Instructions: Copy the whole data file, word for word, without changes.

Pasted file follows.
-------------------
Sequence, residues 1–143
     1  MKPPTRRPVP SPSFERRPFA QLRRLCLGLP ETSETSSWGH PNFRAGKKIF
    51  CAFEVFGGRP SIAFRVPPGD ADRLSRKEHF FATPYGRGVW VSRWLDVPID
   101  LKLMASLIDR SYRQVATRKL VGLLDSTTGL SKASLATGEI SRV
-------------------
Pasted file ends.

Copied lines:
Sequence, residues 1–143
     1  MKPPTRRPVP SPSFERRPFA QLRRLCLGLP ETSETSSWGH PNFRAGKKIF
    51  CAFEVFGGRP SIAFRVPPGD ADRLSRKEHF FATPYGRGVW VSRWLDVPID
   101  LKLMASLIDR SYRQVATRKL VGLLDSTTGL SKASLATGEI SRV